Former UMass Amherst chancellor Holub dies at 74


Staff Writer

Published: 08-31-2023 11:11 AM

AMHERST — Former University of Massachusetts Chancellor Robert Holub, who led the Amherst campus between 2008 and 2012 during a period of economic uncertainty, died Sunday in Ohio, according to an email sent to the campus community from current Chancellor Javier Reyes,

“During his tenure he brought the university to new levels of recognition and competitiveness, despite severe economic challenges resulting from the Great Recession of 2008,” Reyes wrote. “His important contributions include commencing the construction of the Commonwealth Honors College Residential Community and the first phase of the Life Sciences Laboratories.”

Holub, who had turned 74 five days before his death, was also at the helm of UMass as the football program moved to the Football Bowl Subdivision.

In signing a strategic partnership deal with the town of Amherst, a key aspect was promoting the Gateway Corridor, a series of developments that were aimed at tying the UMass campus and downtown Amherst closer together. But this proved controversial, as there were concerns from some in the community about the development and whether it would include housing for undergraduates. Since that time, some in-fill developments mirroring concepts in the Gateway Corridor have occurred.

Holub’s relatively brief tenure also came amid reports that he had received a poor job evaluation and had an inability to build relationships with faculty, legislators and trustees, with faculty members surveyed critical of Holub’s inability to increase student diversity and use affirmative action in hiring decisions.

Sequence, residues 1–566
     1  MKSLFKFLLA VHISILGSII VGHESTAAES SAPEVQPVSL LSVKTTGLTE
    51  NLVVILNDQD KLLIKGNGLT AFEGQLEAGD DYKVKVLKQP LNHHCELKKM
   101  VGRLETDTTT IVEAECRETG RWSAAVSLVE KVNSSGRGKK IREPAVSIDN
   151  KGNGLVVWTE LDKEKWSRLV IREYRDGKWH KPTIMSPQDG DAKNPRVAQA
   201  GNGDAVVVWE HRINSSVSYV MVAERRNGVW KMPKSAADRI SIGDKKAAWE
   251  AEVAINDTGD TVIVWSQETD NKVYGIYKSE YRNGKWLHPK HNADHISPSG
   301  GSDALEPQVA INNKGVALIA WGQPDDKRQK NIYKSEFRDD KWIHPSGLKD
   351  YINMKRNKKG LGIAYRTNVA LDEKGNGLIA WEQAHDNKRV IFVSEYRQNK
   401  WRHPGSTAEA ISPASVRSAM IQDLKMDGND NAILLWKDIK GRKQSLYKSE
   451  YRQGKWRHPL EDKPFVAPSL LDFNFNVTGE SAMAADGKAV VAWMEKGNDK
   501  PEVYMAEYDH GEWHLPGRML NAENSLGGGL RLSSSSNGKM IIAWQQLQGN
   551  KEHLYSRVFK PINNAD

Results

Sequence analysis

His departure came after the previous permanent chancellor, John Lombardi, got into conflicts with the UMass president and trustees over the direction of the university. Under the leadership of Kumble Subbawamy since 2012, stability returned to the chancellor position and the campus.

Reyes’ email notes that much of Holub’s career was spent at the University of California, Berkeley, where he worked for 27 years. Prior to becoming chancellor, he served as provost and vice chancellor for academic affairs at the University of Tennessee in Knoxville. He chaired the Department of Germanic Languages and Literatures at The Ohio State University from 2014 to 2023.

“Our hearts and thoughts are with his family, including his wife, Sabine, and their children,” Reyes wrote.

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A celebration of life service is planned for Oct. 14 in Ohio.

Scott Merzbach can be reached at]]>